Constitutional politics and religious accommodation: Lessons from Spain

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Miley, TJ 

This article sketches the struggles over and the shifting role of Catholicism in the Spanish body politic. It begins by providing a brief overview of the deep historical ties between Catholicism and Spanish identity. It continues by recounting the dialectical process through which a serious social cleavage on the role of religion in politics emerged and percolated over the course of the nineteenth and early twentieth centuries. This cleavage ultimately pit a militant and reactionary brand of authoritarian Catholicism on the right against an equally militant group of secularist ideologues associated with both bourgeois-republican and revolutionary working class (mainly anarchist) political forces. Following Juan Linz, the article emphasizes the nefarious role played by constitution-makers who pursued a partisan secularizing agenda on questions of Church and state in the breakdown of democracy and tragic onset of Civil War. It then delineates the ideology and institutionalization of “national-Catholicism” under Franco, before turning to contrast republican-era constitution-making dynamics with those of the transition to democracy following Franco’s death. It concludes with a discussion of the content of post-transition conflicts over religion and politics, highlighting the constitutional resources for coping with the somehow new yet very old challenge posed by the presence of Islam.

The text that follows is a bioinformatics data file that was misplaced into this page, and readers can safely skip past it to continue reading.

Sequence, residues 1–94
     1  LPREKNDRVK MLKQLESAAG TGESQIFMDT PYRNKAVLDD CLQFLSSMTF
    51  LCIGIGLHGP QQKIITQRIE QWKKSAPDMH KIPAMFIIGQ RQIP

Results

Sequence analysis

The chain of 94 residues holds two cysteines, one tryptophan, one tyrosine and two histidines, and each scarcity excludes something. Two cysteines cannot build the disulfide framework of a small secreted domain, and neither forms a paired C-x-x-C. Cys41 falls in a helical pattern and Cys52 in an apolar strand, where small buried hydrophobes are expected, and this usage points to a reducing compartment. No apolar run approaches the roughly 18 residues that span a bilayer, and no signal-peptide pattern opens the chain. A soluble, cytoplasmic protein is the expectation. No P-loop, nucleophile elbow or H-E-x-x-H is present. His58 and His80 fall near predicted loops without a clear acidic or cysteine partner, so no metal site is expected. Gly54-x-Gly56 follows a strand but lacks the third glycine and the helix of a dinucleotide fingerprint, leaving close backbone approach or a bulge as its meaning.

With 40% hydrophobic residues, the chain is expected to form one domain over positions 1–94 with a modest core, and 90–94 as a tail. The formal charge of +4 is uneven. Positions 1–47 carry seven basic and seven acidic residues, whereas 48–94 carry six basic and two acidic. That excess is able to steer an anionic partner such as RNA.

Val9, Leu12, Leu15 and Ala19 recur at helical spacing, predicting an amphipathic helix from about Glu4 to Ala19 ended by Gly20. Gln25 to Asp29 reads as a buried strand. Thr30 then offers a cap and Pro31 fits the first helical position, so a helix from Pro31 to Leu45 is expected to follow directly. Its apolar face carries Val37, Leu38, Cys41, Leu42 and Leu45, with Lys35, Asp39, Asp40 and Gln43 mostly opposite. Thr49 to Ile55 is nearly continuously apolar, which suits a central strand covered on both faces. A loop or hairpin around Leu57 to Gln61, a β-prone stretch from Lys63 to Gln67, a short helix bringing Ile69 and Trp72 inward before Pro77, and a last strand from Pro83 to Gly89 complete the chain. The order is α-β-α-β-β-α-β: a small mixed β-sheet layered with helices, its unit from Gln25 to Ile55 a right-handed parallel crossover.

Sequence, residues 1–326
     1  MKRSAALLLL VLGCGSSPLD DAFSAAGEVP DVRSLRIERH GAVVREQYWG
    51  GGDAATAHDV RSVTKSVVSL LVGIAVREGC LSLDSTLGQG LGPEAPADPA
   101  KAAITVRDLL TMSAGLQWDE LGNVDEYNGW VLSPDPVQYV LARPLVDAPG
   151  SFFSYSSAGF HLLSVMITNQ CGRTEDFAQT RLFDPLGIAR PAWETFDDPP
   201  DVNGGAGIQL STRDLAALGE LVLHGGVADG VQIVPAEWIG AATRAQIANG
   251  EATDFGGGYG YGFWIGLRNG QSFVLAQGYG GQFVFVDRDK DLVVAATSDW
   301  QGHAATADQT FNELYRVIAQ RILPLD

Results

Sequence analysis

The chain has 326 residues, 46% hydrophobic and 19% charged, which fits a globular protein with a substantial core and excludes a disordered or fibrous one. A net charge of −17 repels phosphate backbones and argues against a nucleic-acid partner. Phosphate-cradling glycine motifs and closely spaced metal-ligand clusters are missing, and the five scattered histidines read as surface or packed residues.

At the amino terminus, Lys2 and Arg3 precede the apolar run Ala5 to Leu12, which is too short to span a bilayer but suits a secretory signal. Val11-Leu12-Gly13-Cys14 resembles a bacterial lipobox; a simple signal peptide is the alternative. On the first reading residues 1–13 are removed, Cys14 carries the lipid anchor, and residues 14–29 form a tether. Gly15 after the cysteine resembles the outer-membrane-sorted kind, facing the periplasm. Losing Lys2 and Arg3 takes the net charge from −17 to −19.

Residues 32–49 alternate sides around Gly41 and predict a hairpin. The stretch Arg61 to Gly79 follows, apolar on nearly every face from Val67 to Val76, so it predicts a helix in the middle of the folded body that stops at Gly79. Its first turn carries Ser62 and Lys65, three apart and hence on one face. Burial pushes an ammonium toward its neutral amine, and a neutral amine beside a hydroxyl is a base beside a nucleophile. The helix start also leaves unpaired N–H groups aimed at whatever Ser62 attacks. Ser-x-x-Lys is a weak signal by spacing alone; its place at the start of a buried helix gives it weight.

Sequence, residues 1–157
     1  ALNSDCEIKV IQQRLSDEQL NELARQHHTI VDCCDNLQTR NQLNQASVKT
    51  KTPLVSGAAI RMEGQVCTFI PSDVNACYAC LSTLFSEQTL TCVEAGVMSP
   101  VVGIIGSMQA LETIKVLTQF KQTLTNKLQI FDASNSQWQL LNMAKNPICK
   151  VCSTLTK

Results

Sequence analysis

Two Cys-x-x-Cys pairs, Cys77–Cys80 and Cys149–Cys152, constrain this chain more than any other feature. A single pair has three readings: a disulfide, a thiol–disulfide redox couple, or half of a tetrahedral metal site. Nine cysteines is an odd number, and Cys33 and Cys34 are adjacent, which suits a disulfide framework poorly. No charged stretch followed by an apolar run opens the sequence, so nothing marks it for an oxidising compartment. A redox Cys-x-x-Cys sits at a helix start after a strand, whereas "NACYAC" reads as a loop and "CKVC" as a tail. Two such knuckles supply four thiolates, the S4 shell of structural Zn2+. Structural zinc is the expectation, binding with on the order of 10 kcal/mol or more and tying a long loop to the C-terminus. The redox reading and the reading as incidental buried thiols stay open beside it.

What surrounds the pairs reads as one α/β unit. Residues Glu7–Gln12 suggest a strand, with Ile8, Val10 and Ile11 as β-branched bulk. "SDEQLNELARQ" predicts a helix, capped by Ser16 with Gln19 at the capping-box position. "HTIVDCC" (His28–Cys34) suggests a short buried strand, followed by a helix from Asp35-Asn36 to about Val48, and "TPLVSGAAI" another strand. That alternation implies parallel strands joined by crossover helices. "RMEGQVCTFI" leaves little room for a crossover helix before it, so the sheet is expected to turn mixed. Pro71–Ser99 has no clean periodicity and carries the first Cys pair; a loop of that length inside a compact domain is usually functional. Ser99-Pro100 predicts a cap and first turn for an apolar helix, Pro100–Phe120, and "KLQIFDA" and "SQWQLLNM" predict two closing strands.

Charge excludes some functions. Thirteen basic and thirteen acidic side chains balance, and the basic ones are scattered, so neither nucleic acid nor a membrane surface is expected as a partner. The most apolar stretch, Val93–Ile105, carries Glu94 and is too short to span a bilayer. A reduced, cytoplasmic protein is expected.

5004 Religious Studies, 50 Philosophy and Religious Studies, 16 Peace, Justice and Strong Institutions
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Politics, Religion and Ideology
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Informa UK Limited